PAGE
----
“We were facing the fight of our lives before Irma,” he said. “A dozen years ago we were producing 242 million boxes of oranges. Last year we produced about 69 million boxes. Some of that is due to development, some is due to previous hurricanes. But a large portion of it is due to HLB.”
HLB is the abbreviation for a plant disease called Huanglongbing, or citrus greening. It’s caused by a bacteria spread by a tiny invasive insect that saps the orange trees of nutrients, ruining the fruit and weakening the trees. There’s no cure for citrus greening, but agricultural scientists have made significant progress to mitigate its damage for growers like Meador, whose trees were developing a healthy crop this year.
“We were hoping that this was going to be a rebound year,” Meadows said. “Unfortunately, Irma came through, and we took one step forward and maybe five steps back.”
Meadows predicts growers statewide will end up losing more than half of this year’s crop to Hurricane Irma. The Florida Commissioner of Agriculture has estimated the cost of Irma to Florida’s farm sector at $2.5 billion, with projected losses to citrus producers the worst of any sector, at $760 million.
“When a tree sits in water for two, three, four days, it destroys the root system and kills the tree,” Meadows said. “We won’t know the true effects of Irma until a year or two from now. So that $760 million is expected to grow. And if we don’t receive a relief-rebuild package, there’s going to be a mass exodus from the industry.”
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The Florida congressional delegation, along with Florida’s governor and other state officials, have been lobbying hard in Washington, D.C., for federal disaster funding dedicated specifically to helping the citrus industry.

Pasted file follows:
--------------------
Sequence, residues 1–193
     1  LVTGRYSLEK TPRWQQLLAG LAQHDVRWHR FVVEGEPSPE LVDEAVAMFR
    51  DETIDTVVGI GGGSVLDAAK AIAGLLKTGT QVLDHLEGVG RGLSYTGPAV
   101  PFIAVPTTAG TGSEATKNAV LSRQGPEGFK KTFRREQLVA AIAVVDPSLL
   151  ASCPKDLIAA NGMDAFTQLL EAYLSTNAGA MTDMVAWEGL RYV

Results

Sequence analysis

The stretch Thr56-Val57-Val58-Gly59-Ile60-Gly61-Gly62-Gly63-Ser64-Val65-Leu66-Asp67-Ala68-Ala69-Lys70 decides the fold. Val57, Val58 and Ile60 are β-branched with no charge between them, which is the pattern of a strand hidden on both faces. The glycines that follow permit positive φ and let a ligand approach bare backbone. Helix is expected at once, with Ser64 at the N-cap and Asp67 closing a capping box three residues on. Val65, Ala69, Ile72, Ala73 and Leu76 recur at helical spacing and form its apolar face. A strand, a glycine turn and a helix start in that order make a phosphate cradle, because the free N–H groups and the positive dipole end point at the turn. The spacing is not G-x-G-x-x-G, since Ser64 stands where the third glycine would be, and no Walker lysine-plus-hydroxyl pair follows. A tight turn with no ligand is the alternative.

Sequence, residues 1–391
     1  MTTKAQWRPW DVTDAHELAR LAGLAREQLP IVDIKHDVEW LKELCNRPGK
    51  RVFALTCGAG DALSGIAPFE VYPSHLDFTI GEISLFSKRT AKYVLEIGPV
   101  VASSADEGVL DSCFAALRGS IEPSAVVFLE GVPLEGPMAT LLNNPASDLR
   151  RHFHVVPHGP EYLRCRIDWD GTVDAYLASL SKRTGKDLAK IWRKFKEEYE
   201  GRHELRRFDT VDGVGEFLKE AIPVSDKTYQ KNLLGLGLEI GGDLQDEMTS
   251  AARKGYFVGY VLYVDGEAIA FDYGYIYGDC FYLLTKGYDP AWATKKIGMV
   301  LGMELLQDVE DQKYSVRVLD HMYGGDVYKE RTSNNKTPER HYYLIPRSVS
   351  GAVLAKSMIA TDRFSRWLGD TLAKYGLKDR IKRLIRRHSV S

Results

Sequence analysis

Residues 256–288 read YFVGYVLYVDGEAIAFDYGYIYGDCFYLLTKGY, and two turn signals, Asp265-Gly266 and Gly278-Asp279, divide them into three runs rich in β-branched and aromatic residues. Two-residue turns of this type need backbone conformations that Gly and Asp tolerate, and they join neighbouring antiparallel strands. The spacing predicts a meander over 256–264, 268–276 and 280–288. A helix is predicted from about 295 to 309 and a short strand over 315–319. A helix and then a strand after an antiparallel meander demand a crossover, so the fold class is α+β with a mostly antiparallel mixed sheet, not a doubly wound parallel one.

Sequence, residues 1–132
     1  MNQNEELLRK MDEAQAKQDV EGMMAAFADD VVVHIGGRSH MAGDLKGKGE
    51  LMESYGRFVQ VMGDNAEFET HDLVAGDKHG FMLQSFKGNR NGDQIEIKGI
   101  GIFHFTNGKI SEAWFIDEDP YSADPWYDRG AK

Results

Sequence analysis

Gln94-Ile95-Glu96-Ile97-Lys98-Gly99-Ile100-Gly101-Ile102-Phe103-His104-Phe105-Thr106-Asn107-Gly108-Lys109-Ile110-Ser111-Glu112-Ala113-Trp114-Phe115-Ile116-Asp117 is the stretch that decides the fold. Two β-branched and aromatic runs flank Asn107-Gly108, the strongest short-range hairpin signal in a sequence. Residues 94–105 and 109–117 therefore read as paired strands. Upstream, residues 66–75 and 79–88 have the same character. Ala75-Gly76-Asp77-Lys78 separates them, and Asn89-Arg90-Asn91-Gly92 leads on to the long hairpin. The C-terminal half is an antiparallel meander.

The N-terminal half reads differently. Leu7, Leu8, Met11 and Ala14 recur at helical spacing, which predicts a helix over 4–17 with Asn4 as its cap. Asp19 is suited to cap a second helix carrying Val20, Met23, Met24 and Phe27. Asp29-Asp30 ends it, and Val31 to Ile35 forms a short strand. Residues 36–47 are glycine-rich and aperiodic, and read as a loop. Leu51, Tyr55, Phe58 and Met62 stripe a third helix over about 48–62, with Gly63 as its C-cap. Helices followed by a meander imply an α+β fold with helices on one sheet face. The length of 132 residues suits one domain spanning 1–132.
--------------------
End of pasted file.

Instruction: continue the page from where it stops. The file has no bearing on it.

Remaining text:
“There really isn’t a program in place at the moment to indemnify direct crop loss with specialty crops,” said Max Moody, spokesperson for Republican U.S. Rep. Tom Rooney, whose district is Florida’s top citrus-producing region. Moody said crop insurance will only cover a fraction of losses, and Small Business Administration loans aren’t very useful to large growers.
So far, dedicated funding for Florida citrus has not been included in the two disaster-aid bills passed by Congress totaling more than $50 billion. And it’s not in the White House’s most recent $44 billion supplemental request submitted in mid-November, either. U.S. Rep. Dennis Ross, a Republican from Florida, strongly criticized the latest funding proposal, saying in a statement: “I cannot — I will not — support a proposal that leaves behind over 60,000 Florida jobs.”
Moody said that getting citrus assistance included in Congress’s next disaster bill is crucial.
“What’s available to them if we don’t get into the supplemental?” he asked, referring to Florida citrus producers. “The answer is: Not a lot.”
Florida usually produces about 60 percent of the U.S. juice-orange supply. Moody said that with domestic production slashed after Irma, orange imports to the U.S. from Central and South America are on track to nearly double.
“That’s the only option to keep the processing plants open,” he said.
And the supply crunch has caused prices to spike, with orange juice futures up about 25 percent since Hurricane Irma hit.